In parallel with his official work, William joined a committee of the Nuffield Foundation concerned with the public image of mathematics, contributed to Richard Gregory´s ground-breaking Exploratory (which closed in 1999, but helped give rise to the new At-Bristol science centre), and got involved in the Molecule Club at the Mermaid Theatre, which used drama to introduce children to science – a tradition continued by his son Peter. He also produced or contributed to a number of short films on suitable aspects of his beloved geometry.

In the early 1970s, the Birmingham work expanded, and William was joined by Tony Fitzgerald some time around 1974. They worked together as a contrasting, but highly effective, team until the late 1980s. William was an active contributor when the MA Conference was held in Birmingham in the turbulent year 1988, and was President for the year 1993-4.

Charity bike ride in Rajasthan, William Wynne Willson with his daughter Ruth and granddaughter Joey, 2005

William took early retirement in 1989 at the age of fifty-six, and the other activities which already filled such a portion of his time swelled to fill it all. He moved with the same whole-heartedness through a wide range of projects. He wrote a book of mathematical humour, an almost finished geometry book on Ptolemy, (finished after his death by Geoff Wain and available here) and researched another about the lakes around the City of Birmingham, as well as publishing the lovely family written reprint of The Victorian Visit. He took up cycling in earnest – both locally and more widely including a sponsored ride in India with his daughter Ruth and grand daughter Joey. He dug deep into the family history. He set up this website, and so on and so on. Alongside his own projects he was always there supporting everyone else’s in the same wholehearted way. And he continued to find endless delight in the exploits of his four children (Ruth, Peter, Tom, and Emma) and his 10 grandchildren (Joey, Tom, Cara, Grace, Charlie, Zaki, Eddie, Jim, Isabella and Rocco).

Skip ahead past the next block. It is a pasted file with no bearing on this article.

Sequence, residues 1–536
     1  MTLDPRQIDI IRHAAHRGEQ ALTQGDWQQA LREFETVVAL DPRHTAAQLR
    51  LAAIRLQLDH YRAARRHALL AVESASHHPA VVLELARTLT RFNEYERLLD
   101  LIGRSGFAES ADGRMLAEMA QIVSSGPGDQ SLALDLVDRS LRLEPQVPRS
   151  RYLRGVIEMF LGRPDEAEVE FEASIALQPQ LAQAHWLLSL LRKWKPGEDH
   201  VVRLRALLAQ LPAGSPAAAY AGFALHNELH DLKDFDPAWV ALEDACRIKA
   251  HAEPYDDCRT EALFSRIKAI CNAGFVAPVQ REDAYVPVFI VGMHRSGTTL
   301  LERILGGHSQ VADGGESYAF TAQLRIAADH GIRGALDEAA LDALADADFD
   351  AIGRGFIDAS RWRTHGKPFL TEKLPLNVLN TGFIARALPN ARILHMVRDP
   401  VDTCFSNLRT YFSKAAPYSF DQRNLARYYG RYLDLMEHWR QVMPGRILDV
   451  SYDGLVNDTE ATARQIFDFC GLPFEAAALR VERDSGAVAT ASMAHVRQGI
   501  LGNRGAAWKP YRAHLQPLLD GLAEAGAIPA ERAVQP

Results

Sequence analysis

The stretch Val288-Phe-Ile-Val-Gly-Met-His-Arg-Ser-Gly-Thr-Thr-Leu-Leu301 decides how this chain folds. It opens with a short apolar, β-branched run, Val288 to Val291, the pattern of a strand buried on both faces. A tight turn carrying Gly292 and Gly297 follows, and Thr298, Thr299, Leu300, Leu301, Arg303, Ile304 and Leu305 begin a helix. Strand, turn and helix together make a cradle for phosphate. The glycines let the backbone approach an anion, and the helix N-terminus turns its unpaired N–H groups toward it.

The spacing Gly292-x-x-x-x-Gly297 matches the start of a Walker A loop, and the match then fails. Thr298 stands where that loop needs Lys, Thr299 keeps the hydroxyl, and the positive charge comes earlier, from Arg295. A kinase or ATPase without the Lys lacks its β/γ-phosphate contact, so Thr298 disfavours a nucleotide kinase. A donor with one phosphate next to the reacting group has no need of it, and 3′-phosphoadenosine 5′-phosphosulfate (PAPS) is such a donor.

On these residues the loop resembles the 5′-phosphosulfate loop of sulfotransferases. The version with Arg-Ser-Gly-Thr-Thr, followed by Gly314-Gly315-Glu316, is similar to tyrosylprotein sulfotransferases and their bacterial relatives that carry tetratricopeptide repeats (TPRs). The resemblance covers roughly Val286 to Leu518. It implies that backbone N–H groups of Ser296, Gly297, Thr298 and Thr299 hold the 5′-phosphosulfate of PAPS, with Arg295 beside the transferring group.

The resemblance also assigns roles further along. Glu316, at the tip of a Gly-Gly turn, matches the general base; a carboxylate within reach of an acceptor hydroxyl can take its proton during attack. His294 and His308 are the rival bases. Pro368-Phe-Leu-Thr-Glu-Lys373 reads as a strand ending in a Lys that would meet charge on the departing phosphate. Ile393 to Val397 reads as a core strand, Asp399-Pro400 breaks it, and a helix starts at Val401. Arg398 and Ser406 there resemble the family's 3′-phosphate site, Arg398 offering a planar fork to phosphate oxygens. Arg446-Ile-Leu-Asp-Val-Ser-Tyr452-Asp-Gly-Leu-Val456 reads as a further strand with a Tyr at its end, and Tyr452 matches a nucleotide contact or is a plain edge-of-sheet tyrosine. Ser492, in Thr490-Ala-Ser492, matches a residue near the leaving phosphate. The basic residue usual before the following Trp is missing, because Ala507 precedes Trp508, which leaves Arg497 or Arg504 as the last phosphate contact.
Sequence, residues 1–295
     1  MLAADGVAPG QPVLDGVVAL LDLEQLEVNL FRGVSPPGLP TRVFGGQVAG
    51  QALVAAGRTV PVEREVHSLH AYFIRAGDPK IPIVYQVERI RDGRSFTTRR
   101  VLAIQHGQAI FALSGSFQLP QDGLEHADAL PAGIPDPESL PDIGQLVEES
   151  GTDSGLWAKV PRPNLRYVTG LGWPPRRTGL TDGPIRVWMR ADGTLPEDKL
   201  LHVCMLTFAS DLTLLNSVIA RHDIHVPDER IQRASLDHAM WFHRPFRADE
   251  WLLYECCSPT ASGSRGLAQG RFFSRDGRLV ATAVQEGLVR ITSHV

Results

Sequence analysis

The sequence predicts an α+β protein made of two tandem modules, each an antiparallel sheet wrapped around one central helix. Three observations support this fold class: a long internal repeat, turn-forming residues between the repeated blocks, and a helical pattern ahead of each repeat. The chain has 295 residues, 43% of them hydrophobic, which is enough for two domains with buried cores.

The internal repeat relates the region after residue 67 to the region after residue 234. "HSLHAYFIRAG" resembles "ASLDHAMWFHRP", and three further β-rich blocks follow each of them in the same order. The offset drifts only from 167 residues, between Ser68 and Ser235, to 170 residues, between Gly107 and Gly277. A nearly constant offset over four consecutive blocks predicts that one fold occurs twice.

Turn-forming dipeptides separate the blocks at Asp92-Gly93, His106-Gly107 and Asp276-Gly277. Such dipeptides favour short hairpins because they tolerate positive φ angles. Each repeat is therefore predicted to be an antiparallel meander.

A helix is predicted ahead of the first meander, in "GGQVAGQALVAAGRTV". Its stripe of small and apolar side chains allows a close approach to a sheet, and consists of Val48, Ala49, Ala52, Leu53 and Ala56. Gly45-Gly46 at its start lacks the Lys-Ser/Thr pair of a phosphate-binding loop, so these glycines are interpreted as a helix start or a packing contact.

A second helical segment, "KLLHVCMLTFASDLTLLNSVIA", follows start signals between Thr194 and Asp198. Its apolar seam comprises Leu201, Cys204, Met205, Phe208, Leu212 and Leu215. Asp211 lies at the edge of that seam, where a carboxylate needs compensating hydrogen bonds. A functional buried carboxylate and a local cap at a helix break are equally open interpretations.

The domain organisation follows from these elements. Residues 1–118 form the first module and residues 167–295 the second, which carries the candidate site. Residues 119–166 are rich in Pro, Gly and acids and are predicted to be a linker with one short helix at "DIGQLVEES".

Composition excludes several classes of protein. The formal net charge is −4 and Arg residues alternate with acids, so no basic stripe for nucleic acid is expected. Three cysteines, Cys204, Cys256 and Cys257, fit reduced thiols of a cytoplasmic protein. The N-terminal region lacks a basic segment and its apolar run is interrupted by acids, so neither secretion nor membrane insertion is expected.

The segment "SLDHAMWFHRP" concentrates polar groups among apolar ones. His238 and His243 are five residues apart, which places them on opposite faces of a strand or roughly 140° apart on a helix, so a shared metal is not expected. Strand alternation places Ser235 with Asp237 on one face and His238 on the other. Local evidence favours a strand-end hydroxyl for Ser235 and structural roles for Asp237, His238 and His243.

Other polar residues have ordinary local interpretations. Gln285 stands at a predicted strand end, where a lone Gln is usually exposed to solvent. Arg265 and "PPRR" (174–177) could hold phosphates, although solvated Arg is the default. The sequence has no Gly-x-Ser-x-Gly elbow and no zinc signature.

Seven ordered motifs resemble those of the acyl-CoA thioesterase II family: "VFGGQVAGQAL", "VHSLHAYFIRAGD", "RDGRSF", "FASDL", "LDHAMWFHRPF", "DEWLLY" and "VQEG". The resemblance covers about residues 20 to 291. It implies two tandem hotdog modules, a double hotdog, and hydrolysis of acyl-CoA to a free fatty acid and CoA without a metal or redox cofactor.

William Wynne Willson at home in Harborne, c. 1984

William was an enthusiast, who never grew weary. He always saw the possibilities rather than the dangers; and in his hands the possibilities were immense and the dangers relatively few. His combination of insight, gentleness, open-mindedness and sheer humanity inspired and supported many hundreds of mathematics teachers in many lands.